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Eur J Pain. 2015 Apr;19(4):451-65. doi: 10.1002/ejp.567. Epub 2014 Aug 4.

A systematic review of therapeutic interventions to reduce acute and chronic post-surgical pain after amputation, thoracotomy or mastectomy.

Author information

1
Department of Anaesthetics and Pain Management, Charing Cross Hospital, London, UK; Peripheral Neuropathy Unit, Hammersmith Hospital Campus, Imperial College London, Du Cane Road, London, UK.

Abstract

BACKGROUND:

Perioperative neuropathic pain is under-recognized and often undertreated. Chronic pain may develop after any routine surgery, but it can have a far greater incidence after amputation, thoracotomy or mastectomy. The peak noxious barrage due to the neural trauma associated with these operations may be reduced in the perioperative period with the potential to reduce the risk of chronic pain.

DATABASES AND DATA TREATMENT:

A systematic review of the evidence for perioperative interventions reducing acute and chronic pain associated with amputation, mastectomy or thoracotomy.

RESULTS:

Thirty-two randomized controlled trials met the inclusion criteria. Gabapentinoids reduced pain after mastectomy, but a single dose was ineffective for thoracotomy patients who had an epidural. Gabapentinoids were ineffective for vascular amputees with pre-existing chronic pain. Venlafaxine was associated with less chronic pain after mastectomy. Intravenous and topical lidocaine and perioperative EMLA (eutectic mixture of local anaesthetic) cream reduced the incidence of chronic pain after mastectomy, whereas local anaesthetic infiltration appeared ineffective. The majority of the trials investigating regional analgesia found it to be beneficial for chronic symptoms. Ketamine and intercostal cryoanalgesia offered no reduction in chronic pain. Total intravenous anaesthesia (TIVA) reduced the incidence of post-thoracotomy pain in one study, whereas high-dose remifentanil exacerbated chronic pain in another.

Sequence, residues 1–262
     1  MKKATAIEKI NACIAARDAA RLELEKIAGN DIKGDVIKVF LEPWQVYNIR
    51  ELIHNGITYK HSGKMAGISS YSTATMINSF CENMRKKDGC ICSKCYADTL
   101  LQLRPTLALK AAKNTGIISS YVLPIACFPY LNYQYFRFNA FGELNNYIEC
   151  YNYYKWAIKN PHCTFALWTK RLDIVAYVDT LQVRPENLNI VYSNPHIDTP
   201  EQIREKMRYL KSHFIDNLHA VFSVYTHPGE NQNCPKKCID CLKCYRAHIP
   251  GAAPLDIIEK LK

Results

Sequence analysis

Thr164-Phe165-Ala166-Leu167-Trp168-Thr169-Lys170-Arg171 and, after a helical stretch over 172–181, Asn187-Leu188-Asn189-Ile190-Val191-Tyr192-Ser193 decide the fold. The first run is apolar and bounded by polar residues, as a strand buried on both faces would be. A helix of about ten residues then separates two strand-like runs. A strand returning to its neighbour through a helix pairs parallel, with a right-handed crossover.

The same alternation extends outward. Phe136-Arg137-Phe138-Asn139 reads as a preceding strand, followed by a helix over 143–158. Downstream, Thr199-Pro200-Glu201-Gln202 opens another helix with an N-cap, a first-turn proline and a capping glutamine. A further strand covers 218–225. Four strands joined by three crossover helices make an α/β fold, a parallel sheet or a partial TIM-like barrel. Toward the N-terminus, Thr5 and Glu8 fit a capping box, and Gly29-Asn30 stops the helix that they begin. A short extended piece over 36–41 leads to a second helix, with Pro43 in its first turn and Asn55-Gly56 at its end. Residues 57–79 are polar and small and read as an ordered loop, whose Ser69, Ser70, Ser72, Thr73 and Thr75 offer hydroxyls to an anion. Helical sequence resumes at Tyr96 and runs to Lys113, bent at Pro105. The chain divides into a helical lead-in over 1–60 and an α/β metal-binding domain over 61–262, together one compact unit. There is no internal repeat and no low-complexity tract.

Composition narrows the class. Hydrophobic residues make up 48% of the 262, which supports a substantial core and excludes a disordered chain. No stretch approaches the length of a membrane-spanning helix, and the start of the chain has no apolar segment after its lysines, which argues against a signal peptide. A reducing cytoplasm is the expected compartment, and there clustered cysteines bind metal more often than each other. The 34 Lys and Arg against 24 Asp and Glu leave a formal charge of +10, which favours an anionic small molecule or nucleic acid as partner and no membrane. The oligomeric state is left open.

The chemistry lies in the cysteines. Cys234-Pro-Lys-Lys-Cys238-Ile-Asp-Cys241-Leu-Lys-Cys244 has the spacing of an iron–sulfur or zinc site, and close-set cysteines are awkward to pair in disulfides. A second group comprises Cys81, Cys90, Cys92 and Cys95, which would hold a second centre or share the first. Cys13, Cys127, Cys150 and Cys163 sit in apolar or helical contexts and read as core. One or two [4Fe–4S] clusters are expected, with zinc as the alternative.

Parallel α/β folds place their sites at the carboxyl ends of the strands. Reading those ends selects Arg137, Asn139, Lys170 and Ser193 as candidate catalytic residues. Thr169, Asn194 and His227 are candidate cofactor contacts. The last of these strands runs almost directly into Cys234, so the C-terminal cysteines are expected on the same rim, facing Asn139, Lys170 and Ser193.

CONCLUSIONS:

Appropriate dose regimes of gabapentinoids, antidepressants, local anaesthetics and regional anaesthesia may potentially reduce the severity of both acute and chronic pain for patients. Ketamine was not effective at reducing chronic pain. Intercostal cryoanalgesia was not effective and has the potential to increase the risk of chronic pain. TIVA may be beneficial but the effects of opioids are unclear.

PMID:
25088289
PMCID:
PMC4405062
DOI:
10.1002/ejp.567
[Indexed for MEDLINE]
Free PMC Article
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